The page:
it really made me rethink what we term as terrorists, local teenage boys have no options and either escape to Indian cities to hussle arround the bazaars where they are treated as scum or are stuck in the valley watching the oppression and killing of they’re fellow Kashmiris by the Indian army.
I’m sure as a rebellious teenager I’d have probably wanted to make it as difficult as possible for the Indians too! They just want their land and life back.
Yet another stuff up of the British colonial policies and meddling I’m afraid. It’s such a shame it’s a beautiful place and beautiful people.( and I imagine the trout haven’t been bothered by a fly for many years).
Don’t know about Kashmir, but the month after the pictures above were taken on 7 Mile beach, a state of martial law was declared in Mobay 80 miles up the Coast (Montego Bay) and there was 230+ shootings in less than a month, a lot of the trouble is with ex pat Jamaicans coming back with moderate wealth from the U.K. that the locals don’t like.
The overall crime rate involving tourists is pretty low, but as a whole picture, about fourth highest in the World overall!
 
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ohanzee

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I spent what was supposed to have been a few days in Shrinigar on a beautiful big old house boat, we were stuck there for two weeks as the Indian army had closed the airport. We eventually had to ‘escape’ in a cab over a high mountain pass . The locals were great and are desperate for tourists for thier boats ( made and used by the British colonials when they used to come and escape from the heat of the Indian plains)..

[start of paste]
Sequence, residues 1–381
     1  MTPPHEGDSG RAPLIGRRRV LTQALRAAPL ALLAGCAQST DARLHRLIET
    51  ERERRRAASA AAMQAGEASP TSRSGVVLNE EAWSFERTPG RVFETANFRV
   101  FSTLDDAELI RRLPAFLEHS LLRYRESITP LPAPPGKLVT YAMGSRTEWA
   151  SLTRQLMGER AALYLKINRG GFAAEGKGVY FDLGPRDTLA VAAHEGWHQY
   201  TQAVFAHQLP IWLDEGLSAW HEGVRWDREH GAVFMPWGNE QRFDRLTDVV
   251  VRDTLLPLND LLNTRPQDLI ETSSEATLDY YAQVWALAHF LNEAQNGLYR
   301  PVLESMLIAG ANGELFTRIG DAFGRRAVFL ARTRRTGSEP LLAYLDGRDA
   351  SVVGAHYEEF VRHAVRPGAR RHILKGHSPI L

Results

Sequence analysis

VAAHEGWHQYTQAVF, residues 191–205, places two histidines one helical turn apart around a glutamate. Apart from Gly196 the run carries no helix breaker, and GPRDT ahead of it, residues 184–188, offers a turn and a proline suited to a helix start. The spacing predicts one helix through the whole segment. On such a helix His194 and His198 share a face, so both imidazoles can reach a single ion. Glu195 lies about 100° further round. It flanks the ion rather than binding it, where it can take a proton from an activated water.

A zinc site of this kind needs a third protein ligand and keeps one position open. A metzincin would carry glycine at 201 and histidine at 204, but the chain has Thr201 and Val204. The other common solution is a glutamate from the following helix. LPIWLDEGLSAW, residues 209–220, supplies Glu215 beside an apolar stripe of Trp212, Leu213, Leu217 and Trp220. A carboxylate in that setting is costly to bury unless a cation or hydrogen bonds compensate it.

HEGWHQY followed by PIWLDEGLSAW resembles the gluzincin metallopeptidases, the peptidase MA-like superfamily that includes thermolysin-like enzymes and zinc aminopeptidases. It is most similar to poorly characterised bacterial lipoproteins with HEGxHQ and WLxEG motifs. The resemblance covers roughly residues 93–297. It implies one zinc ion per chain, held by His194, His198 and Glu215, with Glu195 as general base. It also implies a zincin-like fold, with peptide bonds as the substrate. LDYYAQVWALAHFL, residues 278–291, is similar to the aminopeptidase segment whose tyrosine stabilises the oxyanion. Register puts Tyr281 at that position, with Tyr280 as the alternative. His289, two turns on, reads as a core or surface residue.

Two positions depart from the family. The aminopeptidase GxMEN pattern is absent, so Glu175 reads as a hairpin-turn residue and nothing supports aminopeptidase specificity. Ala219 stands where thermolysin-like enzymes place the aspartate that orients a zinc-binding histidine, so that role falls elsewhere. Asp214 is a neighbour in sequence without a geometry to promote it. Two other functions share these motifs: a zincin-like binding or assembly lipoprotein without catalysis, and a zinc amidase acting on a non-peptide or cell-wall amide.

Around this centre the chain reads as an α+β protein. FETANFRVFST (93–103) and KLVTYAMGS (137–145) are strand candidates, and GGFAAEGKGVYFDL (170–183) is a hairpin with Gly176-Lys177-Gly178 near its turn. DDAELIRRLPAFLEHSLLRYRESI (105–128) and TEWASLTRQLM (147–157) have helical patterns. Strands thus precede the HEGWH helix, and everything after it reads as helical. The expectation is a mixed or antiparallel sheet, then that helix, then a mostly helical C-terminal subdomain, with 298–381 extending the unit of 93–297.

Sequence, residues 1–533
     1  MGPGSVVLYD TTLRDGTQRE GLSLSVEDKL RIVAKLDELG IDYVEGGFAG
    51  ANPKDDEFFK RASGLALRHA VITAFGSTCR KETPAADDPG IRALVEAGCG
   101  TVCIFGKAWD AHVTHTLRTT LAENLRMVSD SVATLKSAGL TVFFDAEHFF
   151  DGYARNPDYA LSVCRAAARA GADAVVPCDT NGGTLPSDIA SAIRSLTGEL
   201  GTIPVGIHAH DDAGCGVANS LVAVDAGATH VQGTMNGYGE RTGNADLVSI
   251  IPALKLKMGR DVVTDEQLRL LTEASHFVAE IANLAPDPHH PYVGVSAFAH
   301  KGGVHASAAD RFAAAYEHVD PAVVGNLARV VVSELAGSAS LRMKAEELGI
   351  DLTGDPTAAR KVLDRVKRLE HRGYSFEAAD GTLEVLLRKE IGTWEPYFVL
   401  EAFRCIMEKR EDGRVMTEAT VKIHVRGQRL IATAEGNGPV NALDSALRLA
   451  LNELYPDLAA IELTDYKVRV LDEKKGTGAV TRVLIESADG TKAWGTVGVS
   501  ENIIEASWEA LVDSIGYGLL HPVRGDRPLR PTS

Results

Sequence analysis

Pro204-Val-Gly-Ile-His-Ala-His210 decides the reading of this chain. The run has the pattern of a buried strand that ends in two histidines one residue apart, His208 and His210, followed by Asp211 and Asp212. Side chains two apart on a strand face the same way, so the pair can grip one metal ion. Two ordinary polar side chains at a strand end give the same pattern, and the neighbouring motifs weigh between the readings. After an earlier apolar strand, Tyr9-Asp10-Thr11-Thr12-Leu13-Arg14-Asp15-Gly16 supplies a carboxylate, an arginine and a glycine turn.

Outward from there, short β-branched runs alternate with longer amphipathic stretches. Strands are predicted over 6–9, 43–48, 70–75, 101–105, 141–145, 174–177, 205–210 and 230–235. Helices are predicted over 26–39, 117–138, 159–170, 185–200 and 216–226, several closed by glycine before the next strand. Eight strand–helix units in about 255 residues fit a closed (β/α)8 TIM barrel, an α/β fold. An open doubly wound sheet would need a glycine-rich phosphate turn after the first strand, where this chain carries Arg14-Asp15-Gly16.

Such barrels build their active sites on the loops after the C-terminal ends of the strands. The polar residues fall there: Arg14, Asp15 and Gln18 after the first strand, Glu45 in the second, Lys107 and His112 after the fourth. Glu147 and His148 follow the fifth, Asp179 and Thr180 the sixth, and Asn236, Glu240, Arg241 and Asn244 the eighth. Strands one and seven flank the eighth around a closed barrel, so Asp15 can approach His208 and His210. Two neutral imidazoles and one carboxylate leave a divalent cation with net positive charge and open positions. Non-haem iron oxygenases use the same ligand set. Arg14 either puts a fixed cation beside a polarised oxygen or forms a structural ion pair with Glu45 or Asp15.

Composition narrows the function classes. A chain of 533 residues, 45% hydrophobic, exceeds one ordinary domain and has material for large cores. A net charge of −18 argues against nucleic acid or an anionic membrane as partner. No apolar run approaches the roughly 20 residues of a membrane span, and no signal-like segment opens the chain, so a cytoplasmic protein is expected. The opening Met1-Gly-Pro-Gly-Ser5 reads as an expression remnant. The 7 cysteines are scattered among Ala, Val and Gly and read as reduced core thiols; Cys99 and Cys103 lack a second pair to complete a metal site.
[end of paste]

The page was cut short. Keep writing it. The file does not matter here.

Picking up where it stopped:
The problem is the Indian army and it’s informers. They were the only threat I felt, the local Kashmiris were so open and generous and did everything they could to protect us.
The bazaars were fabulous , as were the the old Mughal gardens and palaces, the scenery and mountains are awesome, and make you realise that it would be an impossible place to subdue the determined Kashmiris, hence the Indians are still trying and failing so many years after partition.

The family I stayed with used to take people up into the mountains fly fishing , but the Indian army smashed all their gear and do everything they can to make visitors unwelcome and kill the tourism and keep the population pegged down.
it’s really not a happy to place to visit despite being one of the most spectacular Himalayan kingdoms, we were constantly being observed, and ushered away from dangerous encounters and I saw about a dozen corpses of poor Kashmiris that didn’t make it, and was guided away from two ‘incidents’ on Army posts, one ended in an exchange of gun fire and the other a grenade attack.
it really made me rethink what we term as terrorists, local teenage boys have no options and either escape to Indian cities to hussle arround the bazaars where they are treated as scum or are stuck in the valley watching the oppression and killing of they’re fellow Kashmiris by the Indian army.
I’m sure as a rebellious teenager I’d have probably wanted to make it as difficult as possible for the Indians too! They just want their land and life back.